Ditch It: A Lesson From The Moon

Last Saturday night I was driving home late, and I saw the moon up in the sky. It looked like a giant orange ball hovering just over the tree line. I pulled over onto the side of the country gravel road I was on, turned on my blinkers, and got out of my car to take a decent picture. That’s when inspiration struck. I pulled out my phone to see when the full moon for this month had taken place because I was almost positive it was that very night. Turns out it was the night before, Friday night.

I had thought about writing something about spring cleaning, but I wanted to offer more than just tips on how to organize belongings or re-purpose old junk. I haven’t even done my own spring cleaning yet because honestly Spring didn’t actually start in my area on March 20th as it was promised to us. It just started feeling less like Winter about two weeks ago.

In some religious traditions people like to celebrate the full moon. They use it as an opportunity to rid themselves of things or people they don’t need anymore. It’s like a Spring cleaning every month, but it addresses the internal need for cleanliness as well as the external.

I’ll try to keep the explanation short and simple so you have a better idea of what I’m talking about. The moon goes through phases of waxing and waning. Waxing is where the moon is starting to fill in every night leading up to a full moon. Waning is after the full moon, when the moon starts getting smaller and smaller until it reaches the stage of the new moon.

New Moon – Waxing – Full Moon – Waning – New Moon

This is symbolic of the life cycle.

Here’s a good analogy:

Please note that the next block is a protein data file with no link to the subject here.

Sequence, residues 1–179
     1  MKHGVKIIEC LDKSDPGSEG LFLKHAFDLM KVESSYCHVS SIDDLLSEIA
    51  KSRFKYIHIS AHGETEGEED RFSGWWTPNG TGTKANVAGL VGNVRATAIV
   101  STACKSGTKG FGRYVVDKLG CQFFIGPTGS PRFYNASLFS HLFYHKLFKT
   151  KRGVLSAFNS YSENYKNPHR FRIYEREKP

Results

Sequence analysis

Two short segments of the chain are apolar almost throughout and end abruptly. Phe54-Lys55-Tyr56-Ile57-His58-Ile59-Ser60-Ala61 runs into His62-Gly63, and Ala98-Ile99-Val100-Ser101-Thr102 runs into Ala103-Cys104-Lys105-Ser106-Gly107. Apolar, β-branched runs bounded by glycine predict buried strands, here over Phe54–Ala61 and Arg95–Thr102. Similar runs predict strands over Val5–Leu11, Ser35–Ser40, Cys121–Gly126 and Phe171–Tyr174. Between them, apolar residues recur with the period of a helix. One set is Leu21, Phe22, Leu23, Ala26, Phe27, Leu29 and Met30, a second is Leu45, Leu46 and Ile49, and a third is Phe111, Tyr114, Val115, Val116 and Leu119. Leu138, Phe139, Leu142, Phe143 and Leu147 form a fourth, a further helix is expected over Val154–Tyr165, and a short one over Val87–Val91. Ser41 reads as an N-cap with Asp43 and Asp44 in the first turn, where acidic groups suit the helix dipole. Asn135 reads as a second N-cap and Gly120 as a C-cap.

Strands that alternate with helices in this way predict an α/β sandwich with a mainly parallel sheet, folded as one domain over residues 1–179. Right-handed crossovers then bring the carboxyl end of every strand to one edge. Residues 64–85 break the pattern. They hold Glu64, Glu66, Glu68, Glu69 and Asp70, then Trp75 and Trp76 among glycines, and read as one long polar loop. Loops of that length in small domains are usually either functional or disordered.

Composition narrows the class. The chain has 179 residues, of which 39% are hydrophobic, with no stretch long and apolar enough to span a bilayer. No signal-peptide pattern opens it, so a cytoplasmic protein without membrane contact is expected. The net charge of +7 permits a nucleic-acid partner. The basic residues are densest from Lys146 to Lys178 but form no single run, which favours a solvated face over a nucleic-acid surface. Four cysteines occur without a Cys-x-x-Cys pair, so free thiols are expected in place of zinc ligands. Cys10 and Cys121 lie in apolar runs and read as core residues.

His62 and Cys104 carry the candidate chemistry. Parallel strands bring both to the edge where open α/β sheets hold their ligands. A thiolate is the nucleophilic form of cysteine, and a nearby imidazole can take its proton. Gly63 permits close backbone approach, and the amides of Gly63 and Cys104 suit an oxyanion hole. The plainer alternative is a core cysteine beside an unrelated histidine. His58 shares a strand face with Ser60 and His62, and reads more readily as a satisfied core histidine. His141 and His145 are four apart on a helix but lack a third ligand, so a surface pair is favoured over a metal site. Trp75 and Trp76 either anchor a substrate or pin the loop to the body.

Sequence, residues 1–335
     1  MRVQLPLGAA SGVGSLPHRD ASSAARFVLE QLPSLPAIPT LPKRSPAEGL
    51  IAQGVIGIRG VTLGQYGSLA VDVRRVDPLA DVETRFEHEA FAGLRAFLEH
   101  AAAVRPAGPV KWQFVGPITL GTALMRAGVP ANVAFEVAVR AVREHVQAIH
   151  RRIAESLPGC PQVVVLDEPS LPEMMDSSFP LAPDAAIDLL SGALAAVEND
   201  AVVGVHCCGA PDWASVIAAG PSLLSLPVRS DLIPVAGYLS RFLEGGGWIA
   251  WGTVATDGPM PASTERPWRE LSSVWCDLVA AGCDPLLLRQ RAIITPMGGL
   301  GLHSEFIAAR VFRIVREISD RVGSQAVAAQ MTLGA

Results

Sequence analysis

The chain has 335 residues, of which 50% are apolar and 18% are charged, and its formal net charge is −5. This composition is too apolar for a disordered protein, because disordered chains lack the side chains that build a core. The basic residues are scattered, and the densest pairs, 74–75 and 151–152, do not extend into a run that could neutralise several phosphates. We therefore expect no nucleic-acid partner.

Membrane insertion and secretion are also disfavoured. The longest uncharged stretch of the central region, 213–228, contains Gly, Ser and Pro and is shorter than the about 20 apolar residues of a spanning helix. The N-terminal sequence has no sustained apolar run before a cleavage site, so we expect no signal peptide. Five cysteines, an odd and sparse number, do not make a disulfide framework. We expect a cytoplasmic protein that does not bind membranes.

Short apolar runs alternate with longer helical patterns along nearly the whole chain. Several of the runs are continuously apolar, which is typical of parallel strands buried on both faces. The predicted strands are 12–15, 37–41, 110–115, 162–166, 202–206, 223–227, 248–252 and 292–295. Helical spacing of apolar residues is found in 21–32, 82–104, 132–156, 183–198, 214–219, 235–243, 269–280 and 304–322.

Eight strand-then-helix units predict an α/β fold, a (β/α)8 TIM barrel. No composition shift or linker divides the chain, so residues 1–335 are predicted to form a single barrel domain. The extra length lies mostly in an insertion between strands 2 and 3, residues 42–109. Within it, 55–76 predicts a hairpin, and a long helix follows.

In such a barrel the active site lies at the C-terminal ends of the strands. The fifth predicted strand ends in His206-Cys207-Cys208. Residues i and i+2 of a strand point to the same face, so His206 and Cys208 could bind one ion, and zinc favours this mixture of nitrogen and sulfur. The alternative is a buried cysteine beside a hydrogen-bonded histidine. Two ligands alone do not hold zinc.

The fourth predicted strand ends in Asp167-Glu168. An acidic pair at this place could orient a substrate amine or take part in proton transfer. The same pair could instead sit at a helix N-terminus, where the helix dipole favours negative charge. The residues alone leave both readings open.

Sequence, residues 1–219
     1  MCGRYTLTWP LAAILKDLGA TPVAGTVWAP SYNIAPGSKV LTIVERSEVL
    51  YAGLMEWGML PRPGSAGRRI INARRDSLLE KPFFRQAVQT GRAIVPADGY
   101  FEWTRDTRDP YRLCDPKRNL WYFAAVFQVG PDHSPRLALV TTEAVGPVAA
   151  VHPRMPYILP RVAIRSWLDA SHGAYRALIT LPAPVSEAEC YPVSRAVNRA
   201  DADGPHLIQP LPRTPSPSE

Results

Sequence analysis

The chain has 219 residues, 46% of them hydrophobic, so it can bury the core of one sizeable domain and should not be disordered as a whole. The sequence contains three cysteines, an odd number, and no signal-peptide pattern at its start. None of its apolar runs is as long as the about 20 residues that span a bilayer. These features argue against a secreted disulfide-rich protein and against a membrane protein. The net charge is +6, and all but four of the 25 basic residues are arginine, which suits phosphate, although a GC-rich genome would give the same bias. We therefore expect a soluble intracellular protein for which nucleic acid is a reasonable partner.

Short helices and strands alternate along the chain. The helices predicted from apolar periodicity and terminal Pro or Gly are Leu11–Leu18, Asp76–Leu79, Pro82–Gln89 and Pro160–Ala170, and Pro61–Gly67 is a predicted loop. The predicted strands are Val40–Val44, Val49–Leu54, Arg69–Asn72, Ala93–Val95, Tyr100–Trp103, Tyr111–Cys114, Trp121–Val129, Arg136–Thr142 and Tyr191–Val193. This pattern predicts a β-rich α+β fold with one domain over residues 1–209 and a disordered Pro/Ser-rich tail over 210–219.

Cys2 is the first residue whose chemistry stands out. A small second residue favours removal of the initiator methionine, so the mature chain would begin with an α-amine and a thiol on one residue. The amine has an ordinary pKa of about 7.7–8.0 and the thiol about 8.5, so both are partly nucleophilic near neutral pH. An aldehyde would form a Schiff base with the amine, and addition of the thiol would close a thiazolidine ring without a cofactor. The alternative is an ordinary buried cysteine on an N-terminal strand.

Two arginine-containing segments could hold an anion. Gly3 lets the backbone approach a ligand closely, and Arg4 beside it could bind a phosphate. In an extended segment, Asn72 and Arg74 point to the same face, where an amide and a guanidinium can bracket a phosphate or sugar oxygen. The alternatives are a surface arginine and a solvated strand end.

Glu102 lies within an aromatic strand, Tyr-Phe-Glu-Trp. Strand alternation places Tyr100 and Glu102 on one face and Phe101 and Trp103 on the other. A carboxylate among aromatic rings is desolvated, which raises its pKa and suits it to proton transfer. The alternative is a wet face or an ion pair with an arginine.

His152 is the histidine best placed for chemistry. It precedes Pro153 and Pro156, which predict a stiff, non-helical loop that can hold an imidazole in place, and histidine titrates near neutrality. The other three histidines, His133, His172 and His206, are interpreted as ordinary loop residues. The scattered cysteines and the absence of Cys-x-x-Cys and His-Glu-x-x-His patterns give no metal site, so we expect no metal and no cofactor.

New Moon – A baby is born.

Waxing – Baby is growing up, learning new things, and grabbing life by the horns.

Full Moon – Baby turns 40 years old. He’s lived half of his life and it’s time for some adjustments. His kids are grown, he’s planning for retirement, and he just doesn’t have time for bullshit. He’s a man. A grown man who’s taking care of business.

Waning – Man is inching his way towards death, shedding the things that are useless to him, and optimizing his life, until he finally dies and is reborn into the new moon.

Some of the traditions take the moon phases more literally and seriously than other’s do, but I mostly take it as symbolism. Whether we believe that moon phases do anything for our lives or not, let’s do some smart stuff. Like getting rid of crap we don’t need anymore!

Here’s a few things we can all think about, and ideally put into practice.


Read this list:

  • You just don’t know how to get them to go away, so you put up with them anyways.
  • You get stressed or annoyed every time you see a new text or e-mail from them.
  • You know they talk smack about you when you aren’t around, but you’re too nice to cut them from your life.
  • They routinely make life choices that could effect you negatively (partying, doing drugs, drinking, etc).
  • You can’t trust anything they say.
  • They are super negative and they bring you down every time you’re around them.

Pop quiz! Who did you think of? Multiple people? One person? Or did that not apply to you at all? Maybe take some time to think about whoever might fit into these categories, and don’t feel bad about either putting more space between you or cutting them out all together.